Least vaccinated US counties have something in common: Trump voters


About 31% of adults in the United States have now been fully vaccinated. Scientists have estimated that 70% to 90% of the total population must acquire resistance to the virus to reach herd immunity. But in hundreds of counties around the country, vaccination rates are low, with some even languishing in the teens.

The disparity in vaccination rates has so far mainly broken down along political lines. The New York Times examined survey and vaccine administration data for nearly every U.S. county and found that both willingness to receive a vaccine and actual vaccination rates to date were lower, on average, in counties where a majority of residents voted to reelect former President Donald Trump in 2020. The phenomenon has left some places with a shortage of supply and others with a glut.

For months, health officials across the United States have been racing to inoculate people as variants of the coronavirus have continued to gain a foothold, carrying mutations that can make infections more contagious and, in some cases, deadlier. Vaccinations have sped up, and in many places, people are still unable to book appointments because of high demand. In Michigan, where cases have spiraled out of control, Gov. Gretchen Whitmer, a Democrat, recently urged President Joe Biden to send additional doses.

But in more rural — and more Republican — areas, health officials said that supply is far exceeding demand.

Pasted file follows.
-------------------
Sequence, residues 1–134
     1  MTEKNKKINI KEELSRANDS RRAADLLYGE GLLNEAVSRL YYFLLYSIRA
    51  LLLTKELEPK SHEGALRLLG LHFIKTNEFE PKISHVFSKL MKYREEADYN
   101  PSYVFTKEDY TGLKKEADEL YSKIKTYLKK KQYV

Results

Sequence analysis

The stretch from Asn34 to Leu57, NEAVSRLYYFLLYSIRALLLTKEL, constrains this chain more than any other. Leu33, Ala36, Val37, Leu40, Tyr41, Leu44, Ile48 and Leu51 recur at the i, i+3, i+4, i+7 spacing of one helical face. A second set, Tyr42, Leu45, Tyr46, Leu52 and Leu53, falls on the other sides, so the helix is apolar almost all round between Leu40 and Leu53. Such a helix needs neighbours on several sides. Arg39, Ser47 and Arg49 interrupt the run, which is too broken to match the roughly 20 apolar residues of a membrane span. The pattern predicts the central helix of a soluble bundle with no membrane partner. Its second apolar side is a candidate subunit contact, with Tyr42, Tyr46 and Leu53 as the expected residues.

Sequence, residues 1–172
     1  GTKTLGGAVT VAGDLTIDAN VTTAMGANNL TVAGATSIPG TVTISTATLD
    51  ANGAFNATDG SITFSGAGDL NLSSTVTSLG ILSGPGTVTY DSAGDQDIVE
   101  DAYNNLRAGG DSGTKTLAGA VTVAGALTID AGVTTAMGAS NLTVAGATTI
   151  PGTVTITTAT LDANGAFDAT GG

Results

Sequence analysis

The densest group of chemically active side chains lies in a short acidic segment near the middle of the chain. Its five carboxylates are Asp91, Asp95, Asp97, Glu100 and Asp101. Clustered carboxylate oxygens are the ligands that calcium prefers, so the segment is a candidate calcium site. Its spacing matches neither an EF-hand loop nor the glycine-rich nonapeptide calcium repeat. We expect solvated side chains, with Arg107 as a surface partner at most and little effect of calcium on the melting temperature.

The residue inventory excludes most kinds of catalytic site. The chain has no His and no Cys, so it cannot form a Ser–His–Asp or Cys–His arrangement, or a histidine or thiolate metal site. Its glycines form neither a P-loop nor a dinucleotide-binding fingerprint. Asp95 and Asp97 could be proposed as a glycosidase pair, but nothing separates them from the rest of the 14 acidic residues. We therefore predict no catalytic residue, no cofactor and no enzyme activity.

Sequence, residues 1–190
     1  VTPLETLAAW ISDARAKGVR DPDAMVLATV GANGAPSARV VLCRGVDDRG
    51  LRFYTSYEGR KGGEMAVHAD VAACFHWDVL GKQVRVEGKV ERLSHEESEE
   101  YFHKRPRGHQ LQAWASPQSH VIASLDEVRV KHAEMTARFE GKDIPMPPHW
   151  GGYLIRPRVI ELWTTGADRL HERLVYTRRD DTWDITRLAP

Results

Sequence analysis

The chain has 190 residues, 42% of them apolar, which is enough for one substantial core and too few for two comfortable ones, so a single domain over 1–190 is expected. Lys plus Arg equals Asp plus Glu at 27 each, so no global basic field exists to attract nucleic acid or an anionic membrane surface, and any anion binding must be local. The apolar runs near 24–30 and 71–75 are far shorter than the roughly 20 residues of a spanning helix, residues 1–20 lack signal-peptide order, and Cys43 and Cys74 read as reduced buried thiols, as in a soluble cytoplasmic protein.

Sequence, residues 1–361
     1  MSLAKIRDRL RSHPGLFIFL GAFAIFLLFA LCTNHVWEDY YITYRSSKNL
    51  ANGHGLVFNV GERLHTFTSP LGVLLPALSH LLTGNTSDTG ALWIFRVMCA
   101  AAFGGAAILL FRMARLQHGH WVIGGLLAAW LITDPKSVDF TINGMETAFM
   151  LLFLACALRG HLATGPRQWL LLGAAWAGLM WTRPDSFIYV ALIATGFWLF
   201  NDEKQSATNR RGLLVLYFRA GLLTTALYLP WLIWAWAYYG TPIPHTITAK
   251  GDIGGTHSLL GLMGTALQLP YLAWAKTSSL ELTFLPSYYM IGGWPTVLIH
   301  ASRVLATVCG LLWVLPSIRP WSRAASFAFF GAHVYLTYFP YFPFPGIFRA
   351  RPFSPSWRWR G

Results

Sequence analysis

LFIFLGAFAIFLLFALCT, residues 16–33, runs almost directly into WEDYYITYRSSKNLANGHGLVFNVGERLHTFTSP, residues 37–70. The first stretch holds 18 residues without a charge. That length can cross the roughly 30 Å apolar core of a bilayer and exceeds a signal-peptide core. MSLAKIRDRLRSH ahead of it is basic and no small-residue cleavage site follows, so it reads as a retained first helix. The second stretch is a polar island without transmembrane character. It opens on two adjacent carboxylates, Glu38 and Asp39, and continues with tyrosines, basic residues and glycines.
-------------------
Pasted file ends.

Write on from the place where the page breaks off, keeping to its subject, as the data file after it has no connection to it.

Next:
In a county in Wyoming, a local health official asked the state to stop sending first doses of the vaccine because the freezer was already stuffed to capacity with unwanted vials.

In an Iowa county, a clinic called people who had volunteered to give shots to tell them not to come in because so few residents had signed up for appointments.

In a county in Pennsylvania, a hospital set up a drive-thru in the park, stocked with roughly 1,000 vaccine doses. Only about 300 people showed up.

And in interviews with more than two dozen state and county health officials — including some who said they were feeling weary after a year of hearing relatives, neighbors and lifelong friends tell them that the virus was a hoax or not particularly serious — most attributed low vaccination rates at least partly to hesitant conservative populations.

“I just never in a million years ever expected my field of work to become less medical and more political,” said Hailey Bloom, a registered Republican and the public information officer for the health department that covers Natrona County, Wyoming, which Trump won by a wide margin last year.

The health department, Bloom said, set up a clinic in a former Macy’s at the local mall and was prepared to give 1,500 shots a day, four days a week. But it has never been able to fill all the slots, she said; usually, 300 or 400 people show up.

Bloom, like many other county officials, said she feared that reaching herd immunity might not be possible in her community. “It’s terrifying to think that this may never end,” she said. “So much hinges on these vaccinations.”

About 27% of Natrona County’s adult residents have been fully vaccinated, and the federal government has estimated, based on census survey data, that about 32% of its residents may be hesitant to get a shot.

The relationship between vaccination and politics reflects demographics. Vaccine hesitancy is highest in counties that are rural and have lower income levels and college graduation rates — the same characteristics found in counties that were more likely to have supported Trump. In wealthier Trump-supporting counties with higher college graduation rates, the vaccination gap is smaller, the analysis found, but the partisan gap holds even after accounting for income, race and age demographics, population density and a county’s infection and death rate. The Times’ analysis used data current through last Friday.